How to Write a Personal Response in College

A personal response is an essay in which you describe and analyze your own thoughts and feelings about a reading. The personal response is usually one of the first assignments in a beginning writing course. It teaches you to think about what you are reading and then ask yourself why you feel that way.

Read and Annotate

Read through the assigned material. Think about how it makes you feel as you read it, and take ten minutes after you finish reading to think about what you just read.

Read through the material again. This time, make comments in the margins. Write down questions, impressions and feelings that you have. Make note of ideas you agree or disagree with, as well as statements that seem to contradict each other or that do not make sense. Underline words, phrases and paragraphs that interest you and comment on why you find them interesting. Note ideas and words that come up repeatedly.

Go back through the material a third time and make more comments. Try to expand on your previous comments and answer your previous questions. By this point, you should have a strong understanding of the material and your ideas about it. If not, continue reading and annotating until you do.

Writing Process

To begin the writing process, try freewriting. Look over your annotated copy of the assigned reading and your comments. Sit for 15 or 20 minutes and write down any thoughts that come to mind without worrying about grammar or structure. Think of how you feel and try to explain why. When the time is up, go through what you have written and look for good ideas and strong arguments. Choose a few of these to start your essay.

Draft an outline of your response by deciding which ideas are your main ideas and grouping ideas that support those main ideas under them. This is a good chance to look for problems before you spend the time writing. Do the ideas make sense? Can you support or illustrate them with quotations from the reading? Is any information missing? Consider, too, how you'll organize your ideas so that each one flows logically from the previous idea.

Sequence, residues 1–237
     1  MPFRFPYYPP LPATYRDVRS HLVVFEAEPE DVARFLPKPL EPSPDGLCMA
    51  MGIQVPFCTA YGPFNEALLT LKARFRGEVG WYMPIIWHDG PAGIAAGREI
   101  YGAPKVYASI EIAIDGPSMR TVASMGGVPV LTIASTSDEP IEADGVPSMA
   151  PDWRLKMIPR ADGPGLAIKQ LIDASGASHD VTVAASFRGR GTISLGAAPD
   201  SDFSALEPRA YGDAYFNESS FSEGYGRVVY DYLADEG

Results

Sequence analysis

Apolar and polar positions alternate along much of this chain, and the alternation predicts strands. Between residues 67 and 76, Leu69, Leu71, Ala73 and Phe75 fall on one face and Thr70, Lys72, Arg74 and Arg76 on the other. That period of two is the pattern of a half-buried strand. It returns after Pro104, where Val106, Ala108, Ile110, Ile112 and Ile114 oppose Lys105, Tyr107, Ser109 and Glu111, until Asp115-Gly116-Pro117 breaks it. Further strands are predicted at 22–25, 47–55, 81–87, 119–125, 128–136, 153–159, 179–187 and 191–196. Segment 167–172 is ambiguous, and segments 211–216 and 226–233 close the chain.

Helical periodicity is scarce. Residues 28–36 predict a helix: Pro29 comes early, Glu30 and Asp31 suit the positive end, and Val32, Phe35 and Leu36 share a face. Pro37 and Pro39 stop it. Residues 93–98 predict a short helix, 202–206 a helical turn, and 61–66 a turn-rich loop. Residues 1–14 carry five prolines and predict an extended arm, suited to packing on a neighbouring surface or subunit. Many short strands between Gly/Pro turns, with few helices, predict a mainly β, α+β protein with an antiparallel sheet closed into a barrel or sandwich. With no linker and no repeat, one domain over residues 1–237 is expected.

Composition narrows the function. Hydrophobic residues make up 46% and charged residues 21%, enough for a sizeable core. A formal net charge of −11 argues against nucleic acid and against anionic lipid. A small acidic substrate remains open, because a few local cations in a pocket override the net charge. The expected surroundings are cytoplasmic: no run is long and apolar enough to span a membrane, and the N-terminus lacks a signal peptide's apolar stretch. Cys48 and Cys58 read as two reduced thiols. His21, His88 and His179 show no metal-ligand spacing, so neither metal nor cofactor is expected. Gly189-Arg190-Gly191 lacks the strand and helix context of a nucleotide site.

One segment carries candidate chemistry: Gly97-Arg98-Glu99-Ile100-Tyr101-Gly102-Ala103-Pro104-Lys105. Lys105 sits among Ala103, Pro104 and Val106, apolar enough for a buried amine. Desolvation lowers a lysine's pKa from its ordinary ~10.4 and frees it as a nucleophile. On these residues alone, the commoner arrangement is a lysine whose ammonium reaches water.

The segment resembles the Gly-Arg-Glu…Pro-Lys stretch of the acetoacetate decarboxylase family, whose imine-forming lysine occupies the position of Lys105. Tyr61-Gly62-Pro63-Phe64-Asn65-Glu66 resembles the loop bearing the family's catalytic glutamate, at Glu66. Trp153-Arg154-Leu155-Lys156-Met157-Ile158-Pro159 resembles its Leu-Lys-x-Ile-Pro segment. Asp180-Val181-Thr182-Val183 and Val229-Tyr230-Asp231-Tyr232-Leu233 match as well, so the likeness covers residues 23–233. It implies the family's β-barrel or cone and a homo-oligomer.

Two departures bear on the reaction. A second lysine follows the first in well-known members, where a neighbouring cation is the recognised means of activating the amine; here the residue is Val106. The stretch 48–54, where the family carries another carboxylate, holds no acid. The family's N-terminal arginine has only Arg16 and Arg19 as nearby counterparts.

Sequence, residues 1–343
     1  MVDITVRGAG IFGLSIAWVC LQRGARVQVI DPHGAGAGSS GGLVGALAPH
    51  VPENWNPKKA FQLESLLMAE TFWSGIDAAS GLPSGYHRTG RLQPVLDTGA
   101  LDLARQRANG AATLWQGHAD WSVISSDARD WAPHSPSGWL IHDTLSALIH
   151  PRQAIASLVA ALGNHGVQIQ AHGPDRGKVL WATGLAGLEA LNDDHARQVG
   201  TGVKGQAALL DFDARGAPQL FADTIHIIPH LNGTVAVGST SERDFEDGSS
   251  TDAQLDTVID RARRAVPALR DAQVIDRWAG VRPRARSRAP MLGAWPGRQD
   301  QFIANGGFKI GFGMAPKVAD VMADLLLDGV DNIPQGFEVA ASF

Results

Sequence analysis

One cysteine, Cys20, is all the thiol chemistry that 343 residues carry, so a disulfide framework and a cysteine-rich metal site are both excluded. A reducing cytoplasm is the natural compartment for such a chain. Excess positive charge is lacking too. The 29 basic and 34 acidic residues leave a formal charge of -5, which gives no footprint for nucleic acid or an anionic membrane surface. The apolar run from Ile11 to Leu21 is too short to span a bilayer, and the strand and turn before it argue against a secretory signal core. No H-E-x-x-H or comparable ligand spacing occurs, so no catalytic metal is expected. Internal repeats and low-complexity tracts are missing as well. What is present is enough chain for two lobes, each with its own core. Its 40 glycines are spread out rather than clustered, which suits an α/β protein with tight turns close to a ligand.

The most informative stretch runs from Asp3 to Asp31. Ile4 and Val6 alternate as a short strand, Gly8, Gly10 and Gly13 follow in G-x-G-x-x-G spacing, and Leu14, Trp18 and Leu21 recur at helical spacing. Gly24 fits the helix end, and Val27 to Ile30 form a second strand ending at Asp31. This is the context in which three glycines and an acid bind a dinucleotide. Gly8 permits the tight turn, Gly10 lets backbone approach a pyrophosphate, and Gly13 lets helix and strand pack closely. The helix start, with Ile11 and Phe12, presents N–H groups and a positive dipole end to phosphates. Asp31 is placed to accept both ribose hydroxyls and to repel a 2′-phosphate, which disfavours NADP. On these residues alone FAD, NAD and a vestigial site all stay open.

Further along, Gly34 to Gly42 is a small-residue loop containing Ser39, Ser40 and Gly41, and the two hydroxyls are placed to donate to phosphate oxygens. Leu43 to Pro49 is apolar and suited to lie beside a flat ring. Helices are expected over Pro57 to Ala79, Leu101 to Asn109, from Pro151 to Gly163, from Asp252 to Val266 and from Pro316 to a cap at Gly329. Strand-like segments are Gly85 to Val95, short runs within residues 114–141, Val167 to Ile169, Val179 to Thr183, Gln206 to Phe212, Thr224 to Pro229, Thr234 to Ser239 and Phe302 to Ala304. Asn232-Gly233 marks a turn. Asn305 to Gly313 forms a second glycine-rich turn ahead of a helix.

Working from your outline, start filling in your essay. Write down a topic sentence for each paragraph that deals with one main idea, then use the rest of the paragraph to expand on that idea and use examples from the assigned reading to support it.

Edit your work. Pay close attention to your instructor's guidelines, and make sure your essay follows the required format and style. Check that you have an introduction with a thesis statement, body paragraphs with well-supported topic sentences and a conclusion. Look also for clear transitions between each paragraph and idea. If you are both agreeing and disagreeing with the author, that's fine, but be clear about it in your essay. Make sure all your ideas are explained and supported.

  • Always pay careful attention to the assignment guidelines given by your instructor.
  • Be careful not to fall to much into describing your own personal experiences. While this can be a valuable addition to your essay, keep it short and remain focused on the material itself.
About the Author

Erika Wright is a writer from California with a Master's degree in postcolonial literature. She has lived in five different countries. She enjoys the challenge of combining her love of travel and academia with the lessons and adventures of daily life in her writing.

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